If the ideal of friendship is thus built on an impossibility, or failure, what makes this ideal a notion of concern in contemporary life? How can a construct that is built on impossibility have any repercussions for life, and for living? If, as Agamben affirms, the friend is the basis for politics, what would a politics based on impossibility resemble? Would this be a truer conception of contemporary politics and would it, in any shape or form, resemble the consensus-style politics so prevalent all around us? Agamben, following Aristotle, argues that to be one must sense being and in general to sense existence is to sense that it is good. However, and here is where the friend comes in, to sense is always to con-sense; it is irreducibly communal and thus ontologically and politically bound (2009, pg. 34). Con-sense leads to consensus, that much we can assume. However I would argue that such a description invariably leads only to a flattening of difference, an ironing out of the impossible, the ‘infinite’ distance that actually underscores all inter-subjective relations. If we are to understand collectivity as something founded on impossibility, then con-sensus is, in fact, impossible. Going back to the notion of the ‘friend’; as a non-specific linguistic trope he cannot be quantified or truly comprehended. Like the proper name, he resists signification but not responsibility. We are bound with without him. To do so means to be bound to his demand, a demand we can neither understand nor sate. Politics, therefore, should ideally found itself on “a experience such that we are put to the test of the absolutely other, of that which escapes unity.” (Blanchot, in Conley, 1997 pg. 1182) It should be based on an experience in which the Other, the ‘Friend’ is “my law, the law”, in his absolute alterity shaping my own thoughts and actions. (Derrida, 1996 pg. 188) Politics cannot base itself on striving towards unity, therefore, but only in mirroring that which resists unification- irreducible difference. Thus a case could certainly be made for the kind of antagonistic politics which Ernesto Laclau and Chantal Mouffe relate. It would seem to me that such a form would truly mirror the impossibility that underscores the notion of the ‘friend’ and implicitly, of politics.

I would now like to examine the figure of the friend within the schematic of contemporary art. In recent years he has come to play a role of absolutely crucial significance. From the incubation stage to the finished work of art a move towards an exchange akin to that of friends can be witnessed. This results in a form of art production that is increasingly dialogical or pedagogical, from its conception in artist-run spaces to the relational practices so evident all around us. However, if this dialogical art has, to paraphrase Bakhtin, answerability, to what extent does it articulate its own impossibility? (1919) To what extent does such a means of art production remain faithful to the paradoxical (and impossible) ideal of friendship offered to us by Aristotle and Derrida? And, furthermore, how is an art made between friends for friends singular from that which is experienced through an archetypal subject-object relation? If, in attempting to foster a community through art we engage in friend-like activities (for example, eating Thai food or negotiating through differences) to what extent do we celebrate a community that is interminably “abandoned to an immanence just as impossible”? (Madou, 1998 pg. 60) To what extent do such efforts remain true to the irreducible distance that lies at the heart of friendship, to the “venture into absolute risk, beyond knowledge and certainty” (Orford, 2005 pg. 35)? Do we merely impersonate proximity by means of such shared and consensus-orientated activities?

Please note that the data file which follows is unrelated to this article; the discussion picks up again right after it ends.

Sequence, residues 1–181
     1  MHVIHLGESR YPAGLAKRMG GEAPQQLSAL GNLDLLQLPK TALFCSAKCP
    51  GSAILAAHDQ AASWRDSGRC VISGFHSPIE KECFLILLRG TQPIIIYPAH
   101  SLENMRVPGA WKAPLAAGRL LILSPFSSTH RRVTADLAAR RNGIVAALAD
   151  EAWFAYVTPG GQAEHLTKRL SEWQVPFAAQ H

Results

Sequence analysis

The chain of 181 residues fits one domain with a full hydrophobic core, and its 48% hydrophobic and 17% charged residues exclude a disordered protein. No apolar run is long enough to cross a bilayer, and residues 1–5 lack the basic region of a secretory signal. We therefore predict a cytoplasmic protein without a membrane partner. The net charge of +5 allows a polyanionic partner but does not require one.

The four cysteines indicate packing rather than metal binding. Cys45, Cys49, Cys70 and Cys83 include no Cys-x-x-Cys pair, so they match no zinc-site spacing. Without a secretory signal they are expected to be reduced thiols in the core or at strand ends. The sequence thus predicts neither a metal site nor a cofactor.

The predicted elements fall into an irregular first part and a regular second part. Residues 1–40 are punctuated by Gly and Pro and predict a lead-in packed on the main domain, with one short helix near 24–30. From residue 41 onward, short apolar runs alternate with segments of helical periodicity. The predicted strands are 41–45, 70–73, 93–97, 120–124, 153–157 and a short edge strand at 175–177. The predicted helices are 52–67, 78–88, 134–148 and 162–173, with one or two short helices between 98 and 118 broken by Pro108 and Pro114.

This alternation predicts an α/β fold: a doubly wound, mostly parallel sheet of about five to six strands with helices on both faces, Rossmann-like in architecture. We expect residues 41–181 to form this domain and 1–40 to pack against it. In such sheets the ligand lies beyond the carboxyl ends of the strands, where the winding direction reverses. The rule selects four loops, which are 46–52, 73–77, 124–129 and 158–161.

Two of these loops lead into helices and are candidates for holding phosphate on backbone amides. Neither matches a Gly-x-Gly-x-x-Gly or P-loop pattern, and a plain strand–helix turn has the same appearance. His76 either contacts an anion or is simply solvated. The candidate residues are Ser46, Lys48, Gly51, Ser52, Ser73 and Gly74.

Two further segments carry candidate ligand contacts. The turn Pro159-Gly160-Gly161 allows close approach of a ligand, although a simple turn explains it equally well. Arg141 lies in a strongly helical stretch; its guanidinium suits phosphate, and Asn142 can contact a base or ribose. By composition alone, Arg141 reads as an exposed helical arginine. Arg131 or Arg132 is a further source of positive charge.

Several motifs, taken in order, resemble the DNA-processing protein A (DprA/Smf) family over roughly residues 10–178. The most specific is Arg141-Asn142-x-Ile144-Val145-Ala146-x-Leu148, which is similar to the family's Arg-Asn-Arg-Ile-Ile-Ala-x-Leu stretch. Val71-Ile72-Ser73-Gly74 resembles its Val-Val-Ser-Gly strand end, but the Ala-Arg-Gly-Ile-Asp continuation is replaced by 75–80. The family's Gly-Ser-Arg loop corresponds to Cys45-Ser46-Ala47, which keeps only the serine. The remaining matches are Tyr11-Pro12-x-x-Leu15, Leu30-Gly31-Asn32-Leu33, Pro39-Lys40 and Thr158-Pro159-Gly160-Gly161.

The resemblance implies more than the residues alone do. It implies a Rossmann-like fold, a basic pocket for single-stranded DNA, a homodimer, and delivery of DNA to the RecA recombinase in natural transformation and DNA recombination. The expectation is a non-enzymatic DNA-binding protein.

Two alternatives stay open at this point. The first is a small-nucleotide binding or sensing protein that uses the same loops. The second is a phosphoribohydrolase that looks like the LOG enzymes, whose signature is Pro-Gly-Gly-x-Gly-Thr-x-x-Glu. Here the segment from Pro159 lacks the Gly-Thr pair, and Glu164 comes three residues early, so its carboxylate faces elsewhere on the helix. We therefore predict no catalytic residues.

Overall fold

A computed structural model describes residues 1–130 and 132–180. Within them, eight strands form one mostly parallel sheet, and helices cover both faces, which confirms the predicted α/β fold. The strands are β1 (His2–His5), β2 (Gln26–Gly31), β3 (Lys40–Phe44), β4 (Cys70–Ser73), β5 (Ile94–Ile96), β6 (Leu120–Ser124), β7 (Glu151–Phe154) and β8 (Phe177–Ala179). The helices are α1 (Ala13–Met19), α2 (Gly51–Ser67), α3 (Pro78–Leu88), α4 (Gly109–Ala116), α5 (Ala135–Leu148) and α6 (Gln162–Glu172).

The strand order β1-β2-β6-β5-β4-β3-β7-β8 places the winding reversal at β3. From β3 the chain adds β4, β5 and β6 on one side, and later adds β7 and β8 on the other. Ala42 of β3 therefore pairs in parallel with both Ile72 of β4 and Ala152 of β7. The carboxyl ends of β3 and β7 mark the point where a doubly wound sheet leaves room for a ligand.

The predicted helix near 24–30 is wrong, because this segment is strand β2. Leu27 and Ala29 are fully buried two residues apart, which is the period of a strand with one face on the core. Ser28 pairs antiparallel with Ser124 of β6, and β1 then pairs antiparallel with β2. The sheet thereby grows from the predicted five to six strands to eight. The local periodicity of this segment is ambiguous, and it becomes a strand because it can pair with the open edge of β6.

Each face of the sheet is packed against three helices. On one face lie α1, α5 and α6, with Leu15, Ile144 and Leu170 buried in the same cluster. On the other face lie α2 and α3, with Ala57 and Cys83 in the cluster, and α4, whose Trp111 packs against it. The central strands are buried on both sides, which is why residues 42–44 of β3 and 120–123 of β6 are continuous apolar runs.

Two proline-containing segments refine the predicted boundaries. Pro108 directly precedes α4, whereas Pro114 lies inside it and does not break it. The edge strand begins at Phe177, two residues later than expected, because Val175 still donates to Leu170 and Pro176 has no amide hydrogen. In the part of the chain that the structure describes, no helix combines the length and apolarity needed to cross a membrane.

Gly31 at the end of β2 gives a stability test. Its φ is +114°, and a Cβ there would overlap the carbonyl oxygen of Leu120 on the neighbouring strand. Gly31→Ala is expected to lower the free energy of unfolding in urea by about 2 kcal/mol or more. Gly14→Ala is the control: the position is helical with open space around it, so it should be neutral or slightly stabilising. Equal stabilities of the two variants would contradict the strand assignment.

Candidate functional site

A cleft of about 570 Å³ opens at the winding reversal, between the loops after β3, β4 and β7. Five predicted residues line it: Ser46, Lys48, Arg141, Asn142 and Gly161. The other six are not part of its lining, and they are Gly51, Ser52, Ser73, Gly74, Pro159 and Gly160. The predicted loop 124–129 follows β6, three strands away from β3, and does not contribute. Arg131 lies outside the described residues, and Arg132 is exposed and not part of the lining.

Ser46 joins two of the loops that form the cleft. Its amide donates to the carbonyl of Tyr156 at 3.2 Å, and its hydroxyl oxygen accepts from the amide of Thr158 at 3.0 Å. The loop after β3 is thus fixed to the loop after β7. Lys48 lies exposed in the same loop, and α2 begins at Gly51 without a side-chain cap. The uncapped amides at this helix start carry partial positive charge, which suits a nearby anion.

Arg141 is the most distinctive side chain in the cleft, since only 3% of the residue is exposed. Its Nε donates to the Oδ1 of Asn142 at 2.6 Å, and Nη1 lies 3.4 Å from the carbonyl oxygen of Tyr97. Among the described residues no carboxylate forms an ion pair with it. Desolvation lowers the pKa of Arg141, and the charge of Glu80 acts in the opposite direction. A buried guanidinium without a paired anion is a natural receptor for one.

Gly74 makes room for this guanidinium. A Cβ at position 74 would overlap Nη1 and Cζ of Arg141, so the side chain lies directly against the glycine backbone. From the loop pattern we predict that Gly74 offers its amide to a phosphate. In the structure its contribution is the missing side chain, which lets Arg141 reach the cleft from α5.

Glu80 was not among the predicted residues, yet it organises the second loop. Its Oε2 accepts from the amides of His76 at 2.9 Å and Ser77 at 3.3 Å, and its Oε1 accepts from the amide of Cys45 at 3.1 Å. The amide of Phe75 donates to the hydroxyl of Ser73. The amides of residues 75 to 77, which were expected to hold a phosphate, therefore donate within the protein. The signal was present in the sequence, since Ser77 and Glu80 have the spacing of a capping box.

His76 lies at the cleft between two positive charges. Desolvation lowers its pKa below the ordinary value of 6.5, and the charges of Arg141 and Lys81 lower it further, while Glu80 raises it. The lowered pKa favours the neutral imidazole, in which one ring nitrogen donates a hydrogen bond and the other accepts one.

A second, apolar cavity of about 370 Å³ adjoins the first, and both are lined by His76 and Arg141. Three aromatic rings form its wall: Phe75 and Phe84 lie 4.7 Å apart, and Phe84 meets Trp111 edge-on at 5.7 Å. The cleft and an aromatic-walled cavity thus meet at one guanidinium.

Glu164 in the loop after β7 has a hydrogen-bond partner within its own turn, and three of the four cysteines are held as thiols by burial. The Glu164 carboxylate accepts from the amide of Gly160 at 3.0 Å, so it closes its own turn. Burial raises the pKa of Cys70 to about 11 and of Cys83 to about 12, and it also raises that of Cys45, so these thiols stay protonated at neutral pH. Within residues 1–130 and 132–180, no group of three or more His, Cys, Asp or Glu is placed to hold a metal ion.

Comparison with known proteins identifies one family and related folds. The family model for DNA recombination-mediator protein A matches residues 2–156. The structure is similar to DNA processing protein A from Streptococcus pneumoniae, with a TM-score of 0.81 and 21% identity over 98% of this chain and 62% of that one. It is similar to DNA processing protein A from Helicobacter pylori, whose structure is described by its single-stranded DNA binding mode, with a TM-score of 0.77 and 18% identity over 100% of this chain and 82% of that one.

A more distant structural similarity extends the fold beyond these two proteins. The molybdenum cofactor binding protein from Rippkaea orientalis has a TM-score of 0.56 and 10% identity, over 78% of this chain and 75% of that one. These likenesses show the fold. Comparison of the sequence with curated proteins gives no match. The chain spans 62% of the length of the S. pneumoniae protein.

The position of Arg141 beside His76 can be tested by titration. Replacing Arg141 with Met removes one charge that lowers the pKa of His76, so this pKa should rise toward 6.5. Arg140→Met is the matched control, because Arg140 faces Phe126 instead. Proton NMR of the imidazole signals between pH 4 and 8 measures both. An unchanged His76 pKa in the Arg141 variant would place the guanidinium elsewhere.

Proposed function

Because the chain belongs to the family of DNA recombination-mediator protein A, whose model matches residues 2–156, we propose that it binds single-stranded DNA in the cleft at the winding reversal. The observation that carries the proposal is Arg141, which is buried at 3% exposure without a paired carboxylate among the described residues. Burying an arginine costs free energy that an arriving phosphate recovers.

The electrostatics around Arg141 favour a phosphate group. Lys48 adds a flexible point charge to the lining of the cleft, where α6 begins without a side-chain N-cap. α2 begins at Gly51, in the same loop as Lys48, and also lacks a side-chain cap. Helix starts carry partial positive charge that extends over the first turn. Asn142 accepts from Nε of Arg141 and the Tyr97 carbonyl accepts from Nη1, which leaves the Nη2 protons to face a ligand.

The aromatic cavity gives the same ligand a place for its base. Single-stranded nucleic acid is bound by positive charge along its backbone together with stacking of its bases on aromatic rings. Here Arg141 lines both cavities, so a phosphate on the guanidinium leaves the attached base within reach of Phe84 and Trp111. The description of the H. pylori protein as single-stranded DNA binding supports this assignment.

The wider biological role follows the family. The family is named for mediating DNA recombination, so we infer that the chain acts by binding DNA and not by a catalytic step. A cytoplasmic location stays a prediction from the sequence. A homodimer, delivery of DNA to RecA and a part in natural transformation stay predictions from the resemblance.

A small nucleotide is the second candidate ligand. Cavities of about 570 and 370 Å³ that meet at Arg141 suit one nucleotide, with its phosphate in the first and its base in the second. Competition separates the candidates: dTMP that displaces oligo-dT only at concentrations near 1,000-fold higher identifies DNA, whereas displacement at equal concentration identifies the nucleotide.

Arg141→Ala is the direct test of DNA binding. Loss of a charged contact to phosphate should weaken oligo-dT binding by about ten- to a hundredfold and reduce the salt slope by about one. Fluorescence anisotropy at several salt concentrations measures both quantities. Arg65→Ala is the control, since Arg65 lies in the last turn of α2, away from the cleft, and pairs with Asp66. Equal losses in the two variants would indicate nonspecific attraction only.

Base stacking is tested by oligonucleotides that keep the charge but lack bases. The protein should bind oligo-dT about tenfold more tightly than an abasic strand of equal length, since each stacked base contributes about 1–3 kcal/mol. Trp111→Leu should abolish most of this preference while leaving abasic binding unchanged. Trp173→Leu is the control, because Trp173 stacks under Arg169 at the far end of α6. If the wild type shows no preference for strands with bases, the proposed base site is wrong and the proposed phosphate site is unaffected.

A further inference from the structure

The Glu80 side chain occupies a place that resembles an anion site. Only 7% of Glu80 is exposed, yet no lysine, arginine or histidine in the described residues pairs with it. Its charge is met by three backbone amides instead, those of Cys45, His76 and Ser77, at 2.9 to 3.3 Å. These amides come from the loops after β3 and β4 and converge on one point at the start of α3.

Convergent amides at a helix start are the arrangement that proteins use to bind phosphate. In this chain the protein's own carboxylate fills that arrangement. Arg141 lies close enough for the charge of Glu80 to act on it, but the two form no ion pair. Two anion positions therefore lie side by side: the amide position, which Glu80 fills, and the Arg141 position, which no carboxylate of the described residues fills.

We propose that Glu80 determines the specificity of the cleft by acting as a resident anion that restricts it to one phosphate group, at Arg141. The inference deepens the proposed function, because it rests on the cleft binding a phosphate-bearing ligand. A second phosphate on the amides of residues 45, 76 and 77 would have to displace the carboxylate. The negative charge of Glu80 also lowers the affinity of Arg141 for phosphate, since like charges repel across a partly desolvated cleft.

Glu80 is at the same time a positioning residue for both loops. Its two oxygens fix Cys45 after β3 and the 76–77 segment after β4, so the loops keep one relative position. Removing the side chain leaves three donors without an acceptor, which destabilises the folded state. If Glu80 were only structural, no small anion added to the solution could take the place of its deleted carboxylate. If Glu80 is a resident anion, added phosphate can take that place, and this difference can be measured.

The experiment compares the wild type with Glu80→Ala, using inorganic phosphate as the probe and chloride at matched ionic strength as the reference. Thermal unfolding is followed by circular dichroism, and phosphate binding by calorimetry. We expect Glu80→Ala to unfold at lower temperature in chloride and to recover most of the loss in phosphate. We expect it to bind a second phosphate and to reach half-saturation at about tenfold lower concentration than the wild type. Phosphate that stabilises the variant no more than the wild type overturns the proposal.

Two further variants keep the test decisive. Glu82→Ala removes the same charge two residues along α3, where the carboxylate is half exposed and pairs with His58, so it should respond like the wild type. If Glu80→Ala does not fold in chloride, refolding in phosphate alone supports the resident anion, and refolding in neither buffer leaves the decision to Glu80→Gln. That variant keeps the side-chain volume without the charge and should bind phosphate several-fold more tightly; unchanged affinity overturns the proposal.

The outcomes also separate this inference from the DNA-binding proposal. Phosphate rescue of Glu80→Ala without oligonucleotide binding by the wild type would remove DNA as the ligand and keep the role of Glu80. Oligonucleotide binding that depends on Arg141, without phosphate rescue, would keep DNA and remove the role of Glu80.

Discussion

One of the key evidences of the vital role of the friend in contemporary art can be witnessed in the proliferation of artist-run spaces and it is here I would like to turn to at this point. To explore the rationale behind such spaces is to locate them in the jurisdiction of friendship. I would like to emphasize here that I do not believe all such places to propagate under the banner of friendship, but rather under the prospect of autonomy or self-determination, of an “ideological space, a temporary autonomous zone, setting some terms for discourse and practice”. (Dickinson, 1998 pg. 87) Nonetheless, a distinct choice is made to operate communally in a situation which typically involves like-minded individuals: in a word, friends. Here in Dublin I can think of two such sites that have opened in the last year alone: Exchange Gallery and Ormond Studios. Both offer diverse programs of art and socially inclusive activities that have visibility and sociality, arguably, as motivating factors. In this sense they can be said to manufacture friendship as well as art. But what kind of friendship is this? Is this a friendship that reiterates the distance between same and other or rather makes attempts at unity or synthesis? If Agamben affirms the notion of friendship as innately political, can the same be said of such sites of artistic production? And if, following Aristotle, the political is founded on con-sense, what kind of politics does it give rise to? Is this politics one of consensus? I would argue that any form of friendship built on con-sense (Aristotelian) negates difference, and thus the distance key to the Same-Other relation. The form of friendship to be founded on such artist-run spaces should not fetishize difference, but neither should it be built on a purely consensual relation. According to Kant: